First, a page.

Well, there's not really anything Rangers related out there today.
And not much baseball-related, really.
Buster Olney talks about Willie Randolph's extension, and how 3 years, $5.35 million pales in comparison to Alan Embree getting $2.75 million for one year, or Jason Marquis getting $7 million per year.
One of the things that I wonder about, when you hear about someone like Buck Showalter or someone similar being praised for being such a great manager, someone who can win games and turn around franchises...
Why do these guys still make only as much as a utility infielder? If anyone in baseball really thought a manager could make that much of a difference, wouldn't they be getting paid at least as much as, say, Jason Marquis?
I tend to view a good manager as a bus driver. Just keep things on track and stay out of the way. Managers, it seems, are a lot more likely to end up contributing a big negative than a big positive, all in all.
Noting that Meche probably had the best arm of any free agent on the market, Bavasi said: "There's probably some fuse missing in his fuse box that makes it work on a consistent basis.
"Maybe Kansas City can find that switch and get it turned on. We think that the attempts made here were real strong. ... To his credit, Gil was willing to try a lot of things. Staying consistent was a real challenge."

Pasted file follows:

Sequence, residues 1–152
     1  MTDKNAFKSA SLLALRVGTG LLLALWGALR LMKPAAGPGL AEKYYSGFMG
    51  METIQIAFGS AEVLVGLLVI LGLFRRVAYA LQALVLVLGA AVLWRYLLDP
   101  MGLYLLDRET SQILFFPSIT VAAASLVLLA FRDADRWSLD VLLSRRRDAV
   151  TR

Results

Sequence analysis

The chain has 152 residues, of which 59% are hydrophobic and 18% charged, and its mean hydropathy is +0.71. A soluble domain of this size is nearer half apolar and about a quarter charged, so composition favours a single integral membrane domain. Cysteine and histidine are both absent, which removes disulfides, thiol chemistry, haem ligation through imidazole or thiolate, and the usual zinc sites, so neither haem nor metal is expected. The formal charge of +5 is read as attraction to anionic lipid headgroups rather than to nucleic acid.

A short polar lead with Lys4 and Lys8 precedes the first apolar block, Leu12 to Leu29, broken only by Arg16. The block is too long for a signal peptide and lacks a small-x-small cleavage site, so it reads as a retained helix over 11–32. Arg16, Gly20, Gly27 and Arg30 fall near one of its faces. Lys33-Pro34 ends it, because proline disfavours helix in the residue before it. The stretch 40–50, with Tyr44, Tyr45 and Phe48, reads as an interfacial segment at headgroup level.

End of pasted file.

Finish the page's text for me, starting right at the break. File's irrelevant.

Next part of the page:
Not exactly the type of thing you'd want to read about your $55 million free agent, I don't think.
John Sickels also has a prospect retro on Gil Meche, looking back on his time in the Mariners farm system.
Sickels suggests that Meche was hurt by being pushed too aggressively by the Mariners, and this is something that I find interesting, because I remember at the time, at the ESPN message boards, arguing with Mariners fans who said that Seattle was handling Meche perfectly. They assured me that Bryan Price and Lou Piniella knew more about pitching than some egghead like Rob Neyer (who did a column pointing out how poorly pitchers who had as much major league experience as Meche did, at so young an age, generally fared down the road, due to injuries) did.
And we know how that turned out...